It’s neither a secret nor a surprise that Triple H and Dave Bautista have a ton of respect for one another, enjoy working together, and are all around good friends. Still, for a show called Rivals, all the back-patting and sincerity in this episode is enough to make you pine for the old WWE “documentaries” when kayfabe was king.
The roundtable of experts for this week is the Freddie Prinze, Jr., JBL, Bayley, Kevin Nash, and Natalya edition. As has been the case more often lately, they’re not actually given much screen time to share their thoughts throughout the show. Instead, we cut early on to an interview with Kane (the subject of the Biography episode immediately preceding this show), who in 2001 had worked with Batista in Ohio Valley Wrestling. Kane recalls the young Animal as unpolished and stiff, which was admittedly to be expected at the time.
A year later, Batista arrives in the WWE as D-Von’s enforcer, although Dave didn’t like the suit, the case he carried around — none of it. In an effort to capitalize on some young talent, Triple H aligns himself first with Ric Flair, and then with Batista and an even younger Randy Orton to form Evolution. Batista remembers that since Orton was getting a little more individual screen time, he had lots of opportunities to pick the brains of Flair and Triple H, whichi prompts Kevin Owens to say he would have killed to have an opportunity like that.
After Orton’s initial solo success (and subsequent expulsion from Evolution), it was Batista’s turn as he wins the Royal Rumble — cleanly, according to the recap, as they skip right past his accidental elimination and Vince McMahon’s super-quad-tearing debacle. The show reviews Batista’s decision to go after Triple H’s World Heavyweight Championship instead of JBL’s WWE Championship — emerging victorious and essentially ending Evolution once and for all.
Batista talks about how he and Hunter watched tons of big main event matches, especially focusing on Hulk Hogan and the Ultimate Warrior’s face off at WrestleMania VI, in an effort to create a similarly epic feel. Noting how you can tell just by watching those old fights how big the match really was, Batista then also says that you can’t really fell the energy of the WrestleMania 21 match through the video, and unless you were there you wouldn’t know how big it felt. Sounds like a trip to spin city.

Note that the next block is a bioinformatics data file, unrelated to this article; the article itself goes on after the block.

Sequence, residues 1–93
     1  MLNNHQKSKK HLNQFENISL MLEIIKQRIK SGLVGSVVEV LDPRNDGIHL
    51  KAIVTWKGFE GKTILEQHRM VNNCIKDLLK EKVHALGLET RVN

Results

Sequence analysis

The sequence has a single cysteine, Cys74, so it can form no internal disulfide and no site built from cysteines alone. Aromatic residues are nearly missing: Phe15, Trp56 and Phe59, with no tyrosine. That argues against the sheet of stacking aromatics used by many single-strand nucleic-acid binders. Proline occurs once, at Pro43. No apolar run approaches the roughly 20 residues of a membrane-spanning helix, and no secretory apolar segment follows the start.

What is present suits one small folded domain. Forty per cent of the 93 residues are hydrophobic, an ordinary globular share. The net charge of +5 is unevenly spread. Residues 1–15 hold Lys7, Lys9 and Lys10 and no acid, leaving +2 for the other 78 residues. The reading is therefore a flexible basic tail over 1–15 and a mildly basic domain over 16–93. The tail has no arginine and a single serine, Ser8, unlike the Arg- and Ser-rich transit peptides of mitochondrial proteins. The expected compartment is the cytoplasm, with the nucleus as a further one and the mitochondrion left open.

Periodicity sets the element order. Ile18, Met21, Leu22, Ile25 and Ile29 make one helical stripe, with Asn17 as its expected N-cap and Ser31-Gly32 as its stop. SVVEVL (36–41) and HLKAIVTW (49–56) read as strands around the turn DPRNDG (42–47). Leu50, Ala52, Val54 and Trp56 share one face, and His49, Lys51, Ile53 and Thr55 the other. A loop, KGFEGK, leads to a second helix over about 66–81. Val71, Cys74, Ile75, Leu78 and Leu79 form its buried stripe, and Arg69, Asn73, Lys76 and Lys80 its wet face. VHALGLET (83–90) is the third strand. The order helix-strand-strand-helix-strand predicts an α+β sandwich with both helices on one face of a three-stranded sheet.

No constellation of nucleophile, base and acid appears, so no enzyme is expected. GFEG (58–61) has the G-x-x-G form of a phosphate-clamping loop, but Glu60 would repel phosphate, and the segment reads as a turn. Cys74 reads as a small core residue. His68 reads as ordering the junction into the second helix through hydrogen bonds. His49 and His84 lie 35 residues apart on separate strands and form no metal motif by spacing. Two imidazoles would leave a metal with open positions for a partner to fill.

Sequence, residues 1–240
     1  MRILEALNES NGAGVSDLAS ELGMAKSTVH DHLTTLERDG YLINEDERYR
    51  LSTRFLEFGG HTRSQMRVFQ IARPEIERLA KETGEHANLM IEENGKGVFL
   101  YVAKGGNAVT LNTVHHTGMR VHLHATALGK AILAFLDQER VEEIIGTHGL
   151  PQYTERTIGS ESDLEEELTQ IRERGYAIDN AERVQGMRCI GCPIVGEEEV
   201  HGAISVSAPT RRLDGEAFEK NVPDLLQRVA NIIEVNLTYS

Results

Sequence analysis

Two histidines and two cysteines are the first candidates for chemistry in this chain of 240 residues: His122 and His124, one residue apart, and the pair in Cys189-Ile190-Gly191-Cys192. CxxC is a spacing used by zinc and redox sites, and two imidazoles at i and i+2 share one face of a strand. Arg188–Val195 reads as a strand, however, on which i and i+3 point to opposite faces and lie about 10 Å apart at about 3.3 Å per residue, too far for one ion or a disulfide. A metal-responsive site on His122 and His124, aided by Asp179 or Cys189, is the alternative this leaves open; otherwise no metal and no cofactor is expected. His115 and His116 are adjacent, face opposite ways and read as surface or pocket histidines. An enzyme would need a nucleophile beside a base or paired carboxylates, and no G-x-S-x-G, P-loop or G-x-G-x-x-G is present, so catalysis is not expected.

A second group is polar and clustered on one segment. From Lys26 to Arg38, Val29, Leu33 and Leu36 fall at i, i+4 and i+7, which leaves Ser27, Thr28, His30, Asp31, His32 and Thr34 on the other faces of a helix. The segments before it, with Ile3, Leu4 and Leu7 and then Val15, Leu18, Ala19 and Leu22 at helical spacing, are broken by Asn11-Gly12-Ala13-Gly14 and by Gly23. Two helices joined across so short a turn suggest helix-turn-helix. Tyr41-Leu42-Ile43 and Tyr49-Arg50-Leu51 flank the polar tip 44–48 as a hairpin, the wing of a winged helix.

As the feud between Triple H and Batista continues, essentially beginning at WrestleMania whereas many feuds end there, it’s amusing to see their bloody Hell in a Cell match recaps presented in full colour on A&E, who seemingly aren’t beholden to the WWE rule of going black and white so the red doesn’t stand out. After Batista beats Triple H for the third time in a row, the rivalry is all but finished. Batista credits Triple H with single-handedly making him a star after putting him over again and again, and now Dave is a main event guy.
Except that doesn’t last as long as one might have thought. With an aside suggesting that Batista was getting tired of the WWE grind, he begins to dabble in acting (actually, going all the way back to a gig on TV’s Smallville in 2006). Once Guardians of the Galaxy came out in 2014, however, Batista was gone and Dave Bautista was a bonafide movie star.
The wrestling itch is one that’s hard to get rid of, though, and Batista did return for a couple more runs. Well, in the case of this episode’s rosy look back at history: one more run. Completely skipping his return in 2014 when he was booed lustily simply for not being Daniel Bryan, we move on to 2018 and a celebration of Evolution on the 1000th episode of SmackDown. During this celebration, Batista challenges Triple H to a fight, demanding: “Give me what I want,” which Seth Rollins admits to often using as a gif in text responses.
Despite the odd set-up of the man who has won every encounter demanding a match from the man who has lost them all, the wheels are fully set in motion for a WrestleMania encounter between them in 2019. Kevin Owens chimes in that wrestlers, as a general rule, are obsessed with things coming around full circle, and both Triple H and Batista agree that their final confrontation was the best way to bring their story to a close.
Such congeniality and graciousness! In truth, even during the height of their rivalry, it never really felt like these two despised one another as, say, Triple H and Randy Orton managed to pull off. With Batista and Triple H it was more like uber-competitiveness with an underlying mutual respect, and that’s exactly how this episode of Rivals plays out, too.
- Slam Wrestling’s Triple H story archive
- Slam Wrestling’s Batista story archive
- Slam Wrestling’s WWE on A&E review archive